What we found was that users in both demographics had more tokens on average on Arbitrum, Ethereum, and Optimism than on Polygon. This means a large share of liquidity for users interacting with the Seaport Polygon contract is inaccessible in its current state. If a user wants to buy an NFT on Polygon but wants to use tokens from Optimism, he or she would need to bridge to do so.
We then turned our focus to token swapping behavior prior to interacting with the Seaport contract. The results were negligible: <1% of NFT purchases had users swapping tokens within 2 hours of the purchase. Investigating further, the majority of NFT’s on OpenSea are listed in native currencies (ETH, MATIC, etc.) with a small portion listed in ERC-20’s (USDC is most common among these). This makes sense in terms of ease of use as gas costs are paid in native currencies. Regarding the low swap rate, it’s more likely that users would have bought the native currency originally than having bought an ERC-20 to swap for the native currency.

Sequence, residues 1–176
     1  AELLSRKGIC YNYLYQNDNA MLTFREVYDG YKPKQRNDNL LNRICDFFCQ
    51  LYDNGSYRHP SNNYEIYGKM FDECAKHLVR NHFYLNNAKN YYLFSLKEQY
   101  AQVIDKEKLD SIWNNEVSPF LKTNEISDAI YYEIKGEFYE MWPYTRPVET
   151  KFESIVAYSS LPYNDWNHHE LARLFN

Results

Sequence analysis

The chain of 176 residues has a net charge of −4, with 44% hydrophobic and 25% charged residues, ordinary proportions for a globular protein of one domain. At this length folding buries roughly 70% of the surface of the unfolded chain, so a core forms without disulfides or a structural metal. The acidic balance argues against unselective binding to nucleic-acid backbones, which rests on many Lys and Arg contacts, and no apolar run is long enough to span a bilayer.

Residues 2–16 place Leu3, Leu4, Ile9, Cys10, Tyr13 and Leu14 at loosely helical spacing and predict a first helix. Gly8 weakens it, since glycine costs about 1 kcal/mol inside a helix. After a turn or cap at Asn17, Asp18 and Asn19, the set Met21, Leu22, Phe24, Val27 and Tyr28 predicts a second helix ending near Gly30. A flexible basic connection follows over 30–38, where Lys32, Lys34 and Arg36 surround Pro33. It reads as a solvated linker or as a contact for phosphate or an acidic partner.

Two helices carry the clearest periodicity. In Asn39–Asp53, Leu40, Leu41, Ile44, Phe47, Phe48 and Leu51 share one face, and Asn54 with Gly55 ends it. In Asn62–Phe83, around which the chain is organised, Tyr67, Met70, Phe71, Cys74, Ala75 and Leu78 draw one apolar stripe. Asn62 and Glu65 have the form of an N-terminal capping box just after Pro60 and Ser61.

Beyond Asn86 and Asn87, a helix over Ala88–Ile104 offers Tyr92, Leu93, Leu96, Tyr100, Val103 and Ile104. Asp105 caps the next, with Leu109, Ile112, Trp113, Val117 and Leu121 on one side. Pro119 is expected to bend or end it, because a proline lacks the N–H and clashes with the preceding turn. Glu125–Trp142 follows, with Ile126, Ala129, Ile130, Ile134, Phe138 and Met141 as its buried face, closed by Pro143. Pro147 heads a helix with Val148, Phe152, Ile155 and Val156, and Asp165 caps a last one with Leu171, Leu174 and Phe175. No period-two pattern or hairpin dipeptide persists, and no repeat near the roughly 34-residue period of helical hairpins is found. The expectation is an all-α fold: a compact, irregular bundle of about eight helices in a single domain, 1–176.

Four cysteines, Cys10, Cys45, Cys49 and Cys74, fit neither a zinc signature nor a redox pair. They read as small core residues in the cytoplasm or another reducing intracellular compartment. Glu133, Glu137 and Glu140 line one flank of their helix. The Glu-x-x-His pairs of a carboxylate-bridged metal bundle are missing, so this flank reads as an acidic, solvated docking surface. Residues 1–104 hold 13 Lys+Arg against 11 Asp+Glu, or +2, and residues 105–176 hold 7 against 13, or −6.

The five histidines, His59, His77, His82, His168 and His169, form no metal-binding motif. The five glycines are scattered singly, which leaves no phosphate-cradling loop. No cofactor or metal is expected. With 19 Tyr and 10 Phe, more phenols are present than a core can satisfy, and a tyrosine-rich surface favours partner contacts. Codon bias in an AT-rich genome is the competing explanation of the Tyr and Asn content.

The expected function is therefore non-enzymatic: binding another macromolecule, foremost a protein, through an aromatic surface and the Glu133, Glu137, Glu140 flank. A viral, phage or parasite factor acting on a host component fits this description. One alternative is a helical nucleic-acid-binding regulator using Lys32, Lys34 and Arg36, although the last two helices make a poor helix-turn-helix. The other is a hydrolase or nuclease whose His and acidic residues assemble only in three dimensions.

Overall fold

To better understand cross-chain interaction, we analyzed user bridging data prior to interacting with the Seaport contract across three time frames: 1 day, 1 week (7 days), and 1 month (30 days).
In 1 day (01/30/23), 1,307 out of 37,357 (3.5%) user NFT purchases had bridged from Ethereum, Arbitrum, or Optimism to Polygon within a 48 hour time span. In one week (01/23/23 – 01/30/23), 12,736 out of 312,235 (4.1%) users had bridged within 48 hours of interacting with the Seaport contract. In one month (01/2023), 62,731 out of 1,253,958 (5%) of users had bridged within 48 hours of purchasing an NFT.